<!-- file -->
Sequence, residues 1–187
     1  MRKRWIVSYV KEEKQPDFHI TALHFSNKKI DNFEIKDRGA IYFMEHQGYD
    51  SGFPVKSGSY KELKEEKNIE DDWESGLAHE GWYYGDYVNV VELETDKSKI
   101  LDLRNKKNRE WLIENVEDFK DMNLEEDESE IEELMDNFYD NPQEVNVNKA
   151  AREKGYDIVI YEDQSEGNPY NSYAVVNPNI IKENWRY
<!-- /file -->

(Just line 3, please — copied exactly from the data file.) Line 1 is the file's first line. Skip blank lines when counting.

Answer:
    51  SGFPVKSGSY KELKEEKNIE DDWESGLAHE GWYYGDYVNV VELETDKSKI